On September 11, 2020, Wangtum Lowang, founder of Nocte Digest, documented six early 19th Century earthen pots belonging to Humchha Lowang families of Namsang village. Each pot weighs fourteen kilograms and stands 1.8 feet tall! At the neck of each pot is an inscription of Burmese letters, further solidifying the origin of the tribe.
As of 2020, no carbon dating has been done to determine the exact period of the earthen pots. However, as per the statement of the owner of the pots, Butwang Humchha Lowang (two pots) and Poanwang Humchha Lowang (four pots), the pots were brought from Longthan (now Laptang) by their forefathers. Longthan was the first settlement of the Namsang people. They changed their settlement to present-day Namsang in between 1800 and 1810 because of its growing rivalry with Borduria.
The pots weighed in between 12 and 15 kilograms. The pot in mint condition stood 1.8 feet tall (50 centimetre), and the one with the damaged top, stood at 1.6 feet (46 centimetres). The mouth of the pot measured 9 centimetre in diameter. Each pot had the capacity of 36,000 cubic centimetres or 36.09 litres.
Two out of six pots were patterned. As shown in the photo, Pattern I is more artistic than Pattern II. Pattern I is a collection of vertical lines that seems to be drawn with the help of some kind of cast. On the other hand, Pattern II contain lines drawn at certain angle from left to right.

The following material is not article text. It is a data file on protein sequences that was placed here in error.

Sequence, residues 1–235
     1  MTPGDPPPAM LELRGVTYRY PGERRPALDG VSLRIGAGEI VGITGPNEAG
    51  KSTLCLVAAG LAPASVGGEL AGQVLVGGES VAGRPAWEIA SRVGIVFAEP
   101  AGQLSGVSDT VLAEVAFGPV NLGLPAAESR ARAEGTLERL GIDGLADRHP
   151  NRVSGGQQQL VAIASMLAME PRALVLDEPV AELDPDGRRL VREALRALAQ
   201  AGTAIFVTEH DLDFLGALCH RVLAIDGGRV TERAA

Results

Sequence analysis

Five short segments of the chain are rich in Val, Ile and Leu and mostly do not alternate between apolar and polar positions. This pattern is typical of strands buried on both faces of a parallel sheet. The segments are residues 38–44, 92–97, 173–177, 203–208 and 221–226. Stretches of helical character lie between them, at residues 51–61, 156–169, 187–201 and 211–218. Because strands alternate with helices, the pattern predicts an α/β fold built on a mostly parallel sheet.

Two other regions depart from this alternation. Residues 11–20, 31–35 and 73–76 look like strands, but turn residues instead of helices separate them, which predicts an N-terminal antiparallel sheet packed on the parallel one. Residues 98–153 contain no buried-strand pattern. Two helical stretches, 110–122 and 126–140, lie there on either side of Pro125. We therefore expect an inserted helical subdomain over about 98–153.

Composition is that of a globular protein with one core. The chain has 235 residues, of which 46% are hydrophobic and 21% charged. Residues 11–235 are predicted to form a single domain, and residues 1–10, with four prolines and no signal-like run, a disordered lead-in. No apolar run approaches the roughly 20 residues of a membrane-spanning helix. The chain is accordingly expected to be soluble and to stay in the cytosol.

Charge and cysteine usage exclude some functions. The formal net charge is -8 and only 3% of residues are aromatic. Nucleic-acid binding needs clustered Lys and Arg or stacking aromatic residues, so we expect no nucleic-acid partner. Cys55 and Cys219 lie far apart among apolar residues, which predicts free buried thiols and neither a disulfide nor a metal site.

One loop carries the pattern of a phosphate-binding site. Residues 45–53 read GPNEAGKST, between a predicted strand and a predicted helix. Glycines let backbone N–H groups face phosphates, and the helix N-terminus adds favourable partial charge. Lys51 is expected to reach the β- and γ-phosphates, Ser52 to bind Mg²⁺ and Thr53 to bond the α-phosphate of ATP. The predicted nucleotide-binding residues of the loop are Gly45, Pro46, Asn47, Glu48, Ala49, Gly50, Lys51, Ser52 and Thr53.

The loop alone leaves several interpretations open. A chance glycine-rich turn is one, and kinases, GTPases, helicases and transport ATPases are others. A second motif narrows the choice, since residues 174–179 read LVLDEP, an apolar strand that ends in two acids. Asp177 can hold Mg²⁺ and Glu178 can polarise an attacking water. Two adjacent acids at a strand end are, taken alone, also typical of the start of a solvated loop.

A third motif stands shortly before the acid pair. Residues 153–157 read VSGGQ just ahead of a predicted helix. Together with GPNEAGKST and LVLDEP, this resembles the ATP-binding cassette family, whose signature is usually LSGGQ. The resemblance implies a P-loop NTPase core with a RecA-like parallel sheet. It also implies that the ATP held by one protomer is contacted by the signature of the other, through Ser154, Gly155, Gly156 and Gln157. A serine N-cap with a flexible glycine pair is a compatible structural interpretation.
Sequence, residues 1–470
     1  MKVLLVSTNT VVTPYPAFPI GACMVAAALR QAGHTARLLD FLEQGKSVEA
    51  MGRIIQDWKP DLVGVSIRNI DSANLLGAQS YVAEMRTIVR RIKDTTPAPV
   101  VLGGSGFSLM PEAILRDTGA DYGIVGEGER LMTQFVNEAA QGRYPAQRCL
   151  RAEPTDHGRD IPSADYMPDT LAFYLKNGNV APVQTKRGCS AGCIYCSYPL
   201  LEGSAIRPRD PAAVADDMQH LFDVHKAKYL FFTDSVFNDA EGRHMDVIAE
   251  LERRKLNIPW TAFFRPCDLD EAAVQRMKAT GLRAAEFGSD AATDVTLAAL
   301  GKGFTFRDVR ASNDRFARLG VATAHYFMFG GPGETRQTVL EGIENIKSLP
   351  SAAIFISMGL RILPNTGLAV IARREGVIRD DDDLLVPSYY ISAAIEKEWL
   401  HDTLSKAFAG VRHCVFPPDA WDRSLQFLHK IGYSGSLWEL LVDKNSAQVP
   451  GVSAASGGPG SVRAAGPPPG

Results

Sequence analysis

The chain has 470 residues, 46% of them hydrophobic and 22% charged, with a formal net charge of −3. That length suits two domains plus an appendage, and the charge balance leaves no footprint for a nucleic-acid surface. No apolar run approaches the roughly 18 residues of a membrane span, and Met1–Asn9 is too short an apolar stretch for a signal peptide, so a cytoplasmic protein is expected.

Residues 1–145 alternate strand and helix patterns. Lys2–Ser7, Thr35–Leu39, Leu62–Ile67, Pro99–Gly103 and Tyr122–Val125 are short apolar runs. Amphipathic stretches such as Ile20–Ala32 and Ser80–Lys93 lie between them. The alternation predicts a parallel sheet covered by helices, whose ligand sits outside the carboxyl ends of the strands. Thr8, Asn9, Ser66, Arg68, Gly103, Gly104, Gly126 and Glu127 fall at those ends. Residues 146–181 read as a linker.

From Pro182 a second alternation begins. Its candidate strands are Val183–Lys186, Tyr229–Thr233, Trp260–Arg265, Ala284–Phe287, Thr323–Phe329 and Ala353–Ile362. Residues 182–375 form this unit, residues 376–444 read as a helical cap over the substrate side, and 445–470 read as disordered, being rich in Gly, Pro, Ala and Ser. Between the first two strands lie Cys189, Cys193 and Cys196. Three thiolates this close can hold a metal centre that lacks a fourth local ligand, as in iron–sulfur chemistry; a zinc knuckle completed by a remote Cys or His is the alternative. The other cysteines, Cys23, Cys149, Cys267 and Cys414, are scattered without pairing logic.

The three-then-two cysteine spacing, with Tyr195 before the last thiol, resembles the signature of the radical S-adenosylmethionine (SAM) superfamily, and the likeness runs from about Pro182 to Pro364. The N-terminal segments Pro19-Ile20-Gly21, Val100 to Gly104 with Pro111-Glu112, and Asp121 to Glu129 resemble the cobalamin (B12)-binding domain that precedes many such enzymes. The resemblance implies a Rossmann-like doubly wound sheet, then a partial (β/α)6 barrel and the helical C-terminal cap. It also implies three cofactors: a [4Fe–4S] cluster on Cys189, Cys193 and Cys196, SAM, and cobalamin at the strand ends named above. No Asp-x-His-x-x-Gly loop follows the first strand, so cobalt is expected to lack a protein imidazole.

Figure A is the side view of the upper part of the pots. From the picture it is evident that some kind of pottery wheel was used to create such type of shape.
Figure B is the base view of the pot. The base is a perfect sphere, indicating the use of some fine tools to make the pot. Consequently, the pot can not stand upright with support.
Figure C is the drone view of the pot. From here we can see that the neck of the pot is much thinner than the main body.
Figure D is similar to Figure A. But here, the neck is bit longer and a circular design is drawn at its base. The beginning of Pattern I can be seen here.
After cleaning the surface of the pots, revealed its most fascinating feature. Four out of six pots had old Burmese scripts inscribed below its neck! The scripts are as shown below:
The inscriptions written on Poanwang's pot is termed as Exhibit A. From the photo, it is clear that there are three letters, and the two lines at the bottom seem to symbolize a full stop.
In reference with the preliminary results of the research on Nocte Stone Tablet, we can conclude that the script is an old Burmese script, possibly Shan and Pali. So far, we have found only the translation of the last letter, ၆ , is 6.
Therefore, we can conclude that the inscriptions are not alphabet and since they are numbers, it could be a date.
Unlike other inscriptions, Exhibit B of Butwang's pot is written at its body and the size of the letter is double. From the photo it is clear that, the inscription contain one letter, and like in Exhibit A, two lines are drawn at the bottom. The translation is not yet available.
Exhibit C is a one letter inscription. The size of the inscription is smaller than the rests. The translation is not yet available.
Like Exhibit B, the inscriptions in Exhibit D is done at the body of the pot. There are two identical letters separate by a line. The translation is not yet available.